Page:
P: One of your Knowledge Builder Sessions at Conference is subtitled “How to Lead with Audacity.” Have the last couple of years had an impact on our willingness to set “audacious” goals?

K: In the last few years, everything got really small: Our physical spaces got small, our ability to plan got small, our expectations got small, the information that we used to make decisions got small. It’s almost like life became so ordinary that a lot of us forgot that we desire an extraordinary life, that we actually seek big hopes and big dreams. I think what’s happened is that it’s very hard to survive and dream at the same time, and we’ve been in survival mode for so long that we’ve forgotten that we desire big dreams and that we have big goals. It made us start to challenge our decision-making capabilities with even the most basic everyday tasks, let alone big decisions around business and strategy and products and customer experience.

The reason I chose the word “audacious”—the word is a little controversial—is because I know from my experience running my different companies that almost every time I went and did something when everyone was stamping it and retweeting it and saying, “Good job,” it ended up being kind of a “meh” outcome. So, I feel like the more pushback I get, [it] tends to be an indicator to me that I’m on the right track. The truth is sometimes, [if you’re] doing something truly brave, truly new, not everyone is going to say, “Go girl,” they’re going to say, “No, girl!” How you process that feedback and how you choose to have unapologetic ambition and chase down what you know is [right] for you is the big differentiator between those who just talk about it and those that actually live it.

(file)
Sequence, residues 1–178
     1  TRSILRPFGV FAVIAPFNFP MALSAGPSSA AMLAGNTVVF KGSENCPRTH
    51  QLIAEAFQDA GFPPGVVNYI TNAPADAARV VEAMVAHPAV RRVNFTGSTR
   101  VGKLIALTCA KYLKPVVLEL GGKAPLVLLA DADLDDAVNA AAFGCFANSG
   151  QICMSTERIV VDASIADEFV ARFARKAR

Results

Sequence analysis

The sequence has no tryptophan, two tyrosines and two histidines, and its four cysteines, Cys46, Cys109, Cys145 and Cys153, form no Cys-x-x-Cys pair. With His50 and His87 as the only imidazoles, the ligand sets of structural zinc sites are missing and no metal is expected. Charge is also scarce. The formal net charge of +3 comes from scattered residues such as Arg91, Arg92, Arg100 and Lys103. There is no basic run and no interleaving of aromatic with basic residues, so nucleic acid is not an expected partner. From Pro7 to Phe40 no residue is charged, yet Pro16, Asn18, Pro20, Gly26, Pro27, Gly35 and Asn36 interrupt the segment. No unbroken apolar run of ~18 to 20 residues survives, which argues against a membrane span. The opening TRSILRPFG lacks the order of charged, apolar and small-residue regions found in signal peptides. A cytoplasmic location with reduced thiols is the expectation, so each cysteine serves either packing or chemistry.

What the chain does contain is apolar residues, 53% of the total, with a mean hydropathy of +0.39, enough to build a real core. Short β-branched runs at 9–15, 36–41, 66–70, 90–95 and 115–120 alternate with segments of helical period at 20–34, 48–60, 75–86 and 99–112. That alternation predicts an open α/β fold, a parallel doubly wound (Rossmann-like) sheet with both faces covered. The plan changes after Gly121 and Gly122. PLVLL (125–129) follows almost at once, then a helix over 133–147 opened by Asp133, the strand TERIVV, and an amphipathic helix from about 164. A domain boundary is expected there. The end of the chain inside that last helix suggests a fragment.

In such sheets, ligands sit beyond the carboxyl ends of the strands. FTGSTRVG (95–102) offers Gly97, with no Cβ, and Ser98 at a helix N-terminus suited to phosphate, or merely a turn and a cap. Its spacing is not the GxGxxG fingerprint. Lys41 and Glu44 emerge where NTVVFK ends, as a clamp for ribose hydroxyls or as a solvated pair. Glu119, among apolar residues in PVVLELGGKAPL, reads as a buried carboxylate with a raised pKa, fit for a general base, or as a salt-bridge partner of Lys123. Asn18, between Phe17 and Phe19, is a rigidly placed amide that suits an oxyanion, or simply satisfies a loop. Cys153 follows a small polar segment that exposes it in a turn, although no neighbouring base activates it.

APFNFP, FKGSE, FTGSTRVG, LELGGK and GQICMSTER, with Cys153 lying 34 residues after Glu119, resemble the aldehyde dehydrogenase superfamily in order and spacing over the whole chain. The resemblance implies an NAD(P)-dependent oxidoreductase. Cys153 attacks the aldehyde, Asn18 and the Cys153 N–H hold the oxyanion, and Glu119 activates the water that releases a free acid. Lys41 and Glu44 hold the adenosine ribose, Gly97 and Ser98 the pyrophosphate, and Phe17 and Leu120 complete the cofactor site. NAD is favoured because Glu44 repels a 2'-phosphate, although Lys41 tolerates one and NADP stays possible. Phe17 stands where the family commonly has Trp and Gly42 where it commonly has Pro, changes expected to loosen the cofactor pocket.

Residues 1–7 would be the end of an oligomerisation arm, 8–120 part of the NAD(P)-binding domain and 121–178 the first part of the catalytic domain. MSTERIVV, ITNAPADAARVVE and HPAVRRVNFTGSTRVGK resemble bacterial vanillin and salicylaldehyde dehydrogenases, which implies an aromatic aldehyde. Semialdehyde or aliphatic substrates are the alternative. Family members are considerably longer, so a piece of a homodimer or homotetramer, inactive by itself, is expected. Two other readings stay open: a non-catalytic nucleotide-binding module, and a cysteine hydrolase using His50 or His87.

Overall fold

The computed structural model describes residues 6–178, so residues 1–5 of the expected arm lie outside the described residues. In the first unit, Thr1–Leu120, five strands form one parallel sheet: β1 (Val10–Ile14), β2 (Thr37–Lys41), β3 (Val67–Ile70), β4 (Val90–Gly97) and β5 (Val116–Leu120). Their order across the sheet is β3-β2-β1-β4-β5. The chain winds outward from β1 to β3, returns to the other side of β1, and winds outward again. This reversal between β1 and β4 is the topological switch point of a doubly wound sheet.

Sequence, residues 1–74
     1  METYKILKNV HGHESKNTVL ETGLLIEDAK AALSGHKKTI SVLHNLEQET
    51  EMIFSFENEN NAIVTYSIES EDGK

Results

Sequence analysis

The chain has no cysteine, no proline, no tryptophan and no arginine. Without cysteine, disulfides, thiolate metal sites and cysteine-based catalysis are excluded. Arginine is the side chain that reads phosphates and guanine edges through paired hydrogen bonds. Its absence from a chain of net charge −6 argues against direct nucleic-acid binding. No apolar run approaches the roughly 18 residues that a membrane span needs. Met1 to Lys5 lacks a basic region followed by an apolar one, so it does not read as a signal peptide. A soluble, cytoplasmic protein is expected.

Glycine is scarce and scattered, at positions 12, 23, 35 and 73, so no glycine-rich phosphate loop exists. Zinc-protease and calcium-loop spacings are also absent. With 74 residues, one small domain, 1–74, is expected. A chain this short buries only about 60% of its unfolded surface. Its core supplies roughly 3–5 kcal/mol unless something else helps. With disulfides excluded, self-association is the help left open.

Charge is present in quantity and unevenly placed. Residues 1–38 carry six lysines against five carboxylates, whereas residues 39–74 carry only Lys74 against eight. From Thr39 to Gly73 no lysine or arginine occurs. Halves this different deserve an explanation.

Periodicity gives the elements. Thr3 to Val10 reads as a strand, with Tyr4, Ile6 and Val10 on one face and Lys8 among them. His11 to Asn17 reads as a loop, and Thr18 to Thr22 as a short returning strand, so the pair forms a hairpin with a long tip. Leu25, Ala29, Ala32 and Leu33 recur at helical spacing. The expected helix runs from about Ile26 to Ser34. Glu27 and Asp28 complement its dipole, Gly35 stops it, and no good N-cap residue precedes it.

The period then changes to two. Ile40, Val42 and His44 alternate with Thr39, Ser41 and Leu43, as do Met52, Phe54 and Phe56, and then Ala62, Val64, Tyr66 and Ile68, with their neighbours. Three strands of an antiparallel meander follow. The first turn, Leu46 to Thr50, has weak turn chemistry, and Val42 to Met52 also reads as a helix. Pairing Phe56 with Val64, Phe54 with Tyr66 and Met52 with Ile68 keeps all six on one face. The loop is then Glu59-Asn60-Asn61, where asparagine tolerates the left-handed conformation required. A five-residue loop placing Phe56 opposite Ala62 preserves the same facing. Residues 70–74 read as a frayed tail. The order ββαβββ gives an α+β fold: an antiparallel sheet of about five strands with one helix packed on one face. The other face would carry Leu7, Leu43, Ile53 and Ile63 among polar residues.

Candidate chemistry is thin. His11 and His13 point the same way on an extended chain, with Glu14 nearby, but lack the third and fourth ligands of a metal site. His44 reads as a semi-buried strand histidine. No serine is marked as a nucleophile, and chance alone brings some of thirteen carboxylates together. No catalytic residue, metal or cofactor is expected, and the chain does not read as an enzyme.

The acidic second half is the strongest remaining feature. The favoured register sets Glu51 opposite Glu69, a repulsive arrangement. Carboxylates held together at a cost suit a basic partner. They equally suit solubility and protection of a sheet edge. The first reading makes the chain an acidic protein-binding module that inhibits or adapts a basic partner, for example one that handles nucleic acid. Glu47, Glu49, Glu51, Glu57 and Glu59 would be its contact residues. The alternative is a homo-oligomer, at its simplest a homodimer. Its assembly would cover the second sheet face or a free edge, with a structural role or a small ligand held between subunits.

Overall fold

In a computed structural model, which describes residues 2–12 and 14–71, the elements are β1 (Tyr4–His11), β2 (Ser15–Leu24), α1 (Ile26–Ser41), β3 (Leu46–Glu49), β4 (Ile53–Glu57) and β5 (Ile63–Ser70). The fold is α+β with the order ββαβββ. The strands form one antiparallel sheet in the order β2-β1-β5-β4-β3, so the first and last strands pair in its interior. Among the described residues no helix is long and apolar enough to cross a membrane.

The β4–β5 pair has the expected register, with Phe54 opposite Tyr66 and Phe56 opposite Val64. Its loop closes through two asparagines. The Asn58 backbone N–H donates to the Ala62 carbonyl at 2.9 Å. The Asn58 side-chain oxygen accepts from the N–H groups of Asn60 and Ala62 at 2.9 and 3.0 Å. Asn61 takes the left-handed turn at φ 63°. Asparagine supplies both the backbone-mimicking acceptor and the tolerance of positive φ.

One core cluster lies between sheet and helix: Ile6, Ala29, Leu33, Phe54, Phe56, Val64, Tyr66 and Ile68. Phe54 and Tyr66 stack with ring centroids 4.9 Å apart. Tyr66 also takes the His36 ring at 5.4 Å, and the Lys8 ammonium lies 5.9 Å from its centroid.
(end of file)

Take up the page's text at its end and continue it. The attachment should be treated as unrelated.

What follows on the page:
P: How do you respond to those people who might be prone to letting the doubts of others—or their own selfdoubt, keep them from following those big dreams?

K: I call that death by a thousand doubts. [Throughout the pandemic], our decision-making power, our confidence, our trust in ourselves and our ability to better manage our inner gremlin—I call mine Regina George, from Mean Girls— began to diminish. It was like a computer program was running in the background, constantly draining our battery. We had nowhere to plug in. One thing I talk about in my book is the different ways that we can begin to face our “fake news fears.”